Border Deaths: Causes, Dynamics and Consequences of Migration-related Mortality, a volume edited by Paolo Cuttitta and Tamara Last, compiles articles dealing with migration-related mortality from a variety of perspectives. It is an outcome of a conference, Border deaths and migration policies: State and non-state approaches, organized as part of the research project Border Policies and Sovereignty. Human rights and the right to life of irregular migrants at the Vrije Universiteit Amsterdam. The book includes eight chapters in addition to an introduction and afterword. Many of the authors have a legal background, and the chapters mainly focus on unveiling the phenomenon of deaths at the borders. The emphasis lays on the southern border of the European Union (EU), but examples from the US-Mexico border are also drawn. Altogether, the volume provides a concise glimpse into the phenomenon, illustrating why this important topic should be researched further.
One of the major merits of the book is illustrating the devastating scale of border deaths in the Mediterranean. While there were no border deaths 30 years ago, now several thousand people die in the Mediterranean every year (p. 168). Similarly, the chapters show the link between border policies and increasing deaths: for example, the destroying of smugglers’ boats has resulted in smugglers deploying less secure boats that result in even more life-threatening travel across the sea. While deaths in the Mediterranean seem to have become part of everyday news, the contributions show that these deaths have not always existed and there are ways to tackle them. For example, deaths at the border between Poland and Germany have ended since Poland became a member of the EU and of the borderless Schengen Area (p. 156).
In Chapter 1, Paolo Cuttitta, Jana Häberlein and Polly Palister-Wilkins analyse what they call ‘the border death regime’. By this, they mean that border deaths occur in complex and contested contexts with multiple and heterogeneous actors. The border death regime also involves diverse policies, practices and discourses as well as aims, motivations and roles that vary between and within different actors (p. 46). Whereas the border may have previously been considered the realm of the state’s border control authorities, the Mediterranean deaths have prompted several non-governmental organisations (NGOs) and private individuals to rescue migrants, and also many national and supranational official operations have been framed as aimed to prevent deaths. Policies in the EU may ‘create new opportunities for death’, which in turn diversifies the actors who become involved in this border death regime (p. 47).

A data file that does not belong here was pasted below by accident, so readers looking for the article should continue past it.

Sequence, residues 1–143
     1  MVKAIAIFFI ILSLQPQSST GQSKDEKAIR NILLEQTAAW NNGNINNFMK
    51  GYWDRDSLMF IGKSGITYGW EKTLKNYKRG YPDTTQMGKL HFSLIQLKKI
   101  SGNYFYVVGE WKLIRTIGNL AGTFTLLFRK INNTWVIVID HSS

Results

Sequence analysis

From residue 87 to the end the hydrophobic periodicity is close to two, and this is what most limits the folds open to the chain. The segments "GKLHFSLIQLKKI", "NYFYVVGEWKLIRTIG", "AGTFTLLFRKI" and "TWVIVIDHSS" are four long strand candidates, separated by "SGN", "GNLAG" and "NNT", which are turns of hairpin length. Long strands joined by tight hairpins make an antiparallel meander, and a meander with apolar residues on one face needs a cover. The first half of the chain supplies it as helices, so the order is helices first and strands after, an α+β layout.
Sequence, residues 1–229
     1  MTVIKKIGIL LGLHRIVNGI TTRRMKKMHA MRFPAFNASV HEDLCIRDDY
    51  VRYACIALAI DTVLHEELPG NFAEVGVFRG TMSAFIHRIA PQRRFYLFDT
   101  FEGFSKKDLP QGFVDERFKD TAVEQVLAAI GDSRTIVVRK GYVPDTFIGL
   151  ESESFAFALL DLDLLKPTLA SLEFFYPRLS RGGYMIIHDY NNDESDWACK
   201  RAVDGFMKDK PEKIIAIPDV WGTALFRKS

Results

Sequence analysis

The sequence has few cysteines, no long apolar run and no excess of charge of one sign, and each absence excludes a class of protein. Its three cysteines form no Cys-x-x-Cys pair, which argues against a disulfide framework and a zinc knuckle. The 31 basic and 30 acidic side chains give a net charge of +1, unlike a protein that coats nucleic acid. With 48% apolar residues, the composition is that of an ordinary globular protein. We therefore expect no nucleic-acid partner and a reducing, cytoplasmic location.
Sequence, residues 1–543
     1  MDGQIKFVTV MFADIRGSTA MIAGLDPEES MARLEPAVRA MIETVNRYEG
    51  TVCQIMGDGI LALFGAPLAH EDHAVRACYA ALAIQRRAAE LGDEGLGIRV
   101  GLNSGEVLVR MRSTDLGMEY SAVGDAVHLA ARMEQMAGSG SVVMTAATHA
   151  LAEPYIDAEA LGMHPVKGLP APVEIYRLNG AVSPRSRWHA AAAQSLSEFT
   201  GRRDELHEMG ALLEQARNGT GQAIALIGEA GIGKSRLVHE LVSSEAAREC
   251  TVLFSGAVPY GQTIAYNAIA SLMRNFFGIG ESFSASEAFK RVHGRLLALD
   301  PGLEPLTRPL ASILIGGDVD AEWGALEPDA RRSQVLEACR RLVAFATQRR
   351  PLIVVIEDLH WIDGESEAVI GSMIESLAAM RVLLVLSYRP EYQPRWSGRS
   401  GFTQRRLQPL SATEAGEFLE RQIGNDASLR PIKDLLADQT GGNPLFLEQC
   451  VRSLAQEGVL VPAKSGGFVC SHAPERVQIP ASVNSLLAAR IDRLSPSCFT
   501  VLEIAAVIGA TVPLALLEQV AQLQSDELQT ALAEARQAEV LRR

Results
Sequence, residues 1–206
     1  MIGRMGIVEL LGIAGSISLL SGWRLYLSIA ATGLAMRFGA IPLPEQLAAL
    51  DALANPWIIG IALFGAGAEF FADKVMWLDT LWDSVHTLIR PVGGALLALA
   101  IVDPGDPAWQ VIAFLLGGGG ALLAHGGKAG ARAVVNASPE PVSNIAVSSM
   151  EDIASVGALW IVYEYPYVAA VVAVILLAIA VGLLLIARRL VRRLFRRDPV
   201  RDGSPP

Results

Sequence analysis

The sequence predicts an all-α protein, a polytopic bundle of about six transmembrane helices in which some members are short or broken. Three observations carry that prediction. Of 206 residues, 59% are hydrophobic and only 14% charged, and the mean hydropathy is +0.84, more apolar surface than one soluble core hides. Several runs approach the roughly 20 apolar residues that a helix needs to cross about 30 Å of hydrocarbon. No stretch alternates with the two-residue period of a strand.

Kate Dearden, Tamara Last and Craig Spencer examine data related to border deaths in Chapter 2. The chapter also functions as a sort of handbook on how data on border deaths can be collected. It is surprising to hear that news reports are the dominant source of border death data, but this is related to the fact that states do not produce specific statistics on border deaths (p. 55). One would not immediately realise that afflicted persons, such as friends and family, can also be a source of this information. Chapter 2 thus provides valid guidance for anyone who wants to embark on studying the topic.